Though Russia’s constitution does not contain Second Amendment-like gun rights, her rhetoric is remarkably similar to the NRA’s. “More legal guns equal less crime,” she told the Moscow Times this year, “If a country bans guns, only criminals have access to them.”

After the Sandy Hook mass shooting in 2012, her group criticized gun-free school zones as ineffective prohibitionist policies. “In this shooting six teachers died, six people who could literally use only their hands to defend children… The murderer planned this knowing that no one would be armed,” she told Radio Free Europe/Radio Liberty. “What is the right to life, ingrained in our constitution, if you don’t have the right to bear arms? If a person wishes to defend himself, he has no means for protection.”

Like the NRA, Butina tends to dismiss the connection between guns and death, including suicides. “People online take facts from my blog, turn them upside and scream ‘Just look at this! In the States, 30,000 people die from firearms every year! How awful!’ But so what?” she told the New Republic in 2012. “Switzerland has the most suicides using a gun, and yet, Switzerland has the least number of total suicides. Moreover, a gun is the most humane weapon for suicide compared to all the other methods that exist.”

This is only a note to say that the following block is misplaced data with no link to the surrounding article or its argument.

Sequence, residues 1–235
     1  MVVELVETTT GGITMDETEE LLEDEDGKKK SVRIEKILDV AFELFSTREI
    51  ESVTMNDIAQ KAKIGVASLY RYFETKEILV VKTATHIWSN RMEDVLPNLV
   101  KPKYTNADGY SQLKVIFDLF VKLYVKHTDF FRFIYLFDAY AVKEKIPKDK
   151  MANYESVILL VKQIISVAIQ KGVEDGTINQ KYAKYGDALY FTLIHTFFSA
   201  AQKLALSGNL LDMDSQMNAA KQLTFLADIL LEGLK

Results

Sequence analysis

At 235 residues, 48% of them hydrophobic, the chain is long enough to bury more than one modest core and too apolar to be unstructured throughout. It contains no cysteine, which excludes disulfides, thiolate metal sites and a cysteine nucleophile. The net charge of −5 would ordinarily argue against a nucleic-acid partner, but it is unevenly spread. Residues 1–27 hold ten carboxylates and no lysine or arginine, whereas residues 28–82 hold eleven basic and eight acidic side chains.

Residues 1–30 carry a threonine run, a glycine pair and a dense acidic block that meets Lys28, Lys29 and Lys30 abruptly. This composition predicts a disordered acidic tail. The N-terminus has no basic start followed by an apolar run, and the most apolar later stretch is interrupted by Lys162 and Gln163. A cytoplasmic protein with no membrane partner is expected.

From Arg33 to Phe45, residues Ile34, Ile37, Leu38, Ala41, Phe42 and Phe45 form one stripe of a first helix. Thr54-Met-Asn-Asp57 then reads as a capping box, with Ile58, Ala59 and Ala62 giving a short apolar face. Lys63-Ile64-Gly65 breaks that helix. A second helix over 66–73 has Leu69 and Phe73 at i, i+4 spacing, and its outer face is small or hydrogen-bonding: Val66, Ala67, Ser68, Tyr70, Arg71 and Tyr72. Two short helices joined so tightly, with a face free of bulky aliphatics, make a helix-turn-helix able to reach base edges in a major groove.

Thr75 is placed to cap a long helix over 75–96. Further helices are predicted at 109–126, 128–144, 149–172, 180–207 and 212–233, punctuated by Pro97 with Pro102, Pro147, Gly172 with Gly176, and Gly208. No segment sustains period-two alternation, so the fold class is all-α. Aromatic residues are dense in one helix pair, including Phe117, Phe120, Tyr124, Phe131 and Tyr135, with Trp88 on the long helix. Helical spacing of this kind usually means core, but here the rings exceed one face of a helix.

The same article noted that, early on, Butina “gained a powerful ally”— Alexander Torshin, who is an NRA Life Member, a “high-ranking member” of Putin’s United Russia and, at the time, the first deputy speaker of the Russian senate.

The NRA took note when Torshin authored an unsuccessful bill that year that would have allowed public use of firearms. When he presented the bill to his colleagues, days after the Aurora, Colorado, movie theater shooting that left a dozen dead, his colleagues were not sold. They feared Russians, too, would all shoot each other. “How can you have so little trust for yourself, for your people,” he asked them. In 2014, however, Putin’s government did change the law to allow licensed gun owners to carry weapons in public for self-defense.

After years serving in the upper house of parliament, in 2015 he was appointed deputy governor for Russia’s central bank. Butina was appointed “special assistant” to Torshin at the bank.

Their close relationship is evident in their work and social media presence. In 2014, she praised him as a “great gun lover” who supports both The Right to Bear Arms group and the NRA. Last month, Torshin tweeted a photo of her holding a baby, calling her “the godmother” of the child.